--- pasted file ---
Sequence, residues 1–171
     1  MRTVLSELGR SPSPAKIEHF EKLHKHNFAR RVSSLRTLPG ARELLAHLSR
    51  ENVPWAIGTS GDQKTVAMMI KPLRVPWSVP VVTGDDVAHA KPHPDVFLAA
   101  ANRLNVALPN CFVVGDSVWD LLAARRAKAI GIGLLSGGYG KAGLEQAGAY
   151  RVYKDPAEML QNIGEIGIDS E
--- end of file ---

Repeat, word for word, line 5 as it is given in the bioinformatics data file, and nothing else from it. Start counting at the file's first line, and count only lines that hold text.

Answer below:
   151  RVYKDPAEML QNIGEIGIDS E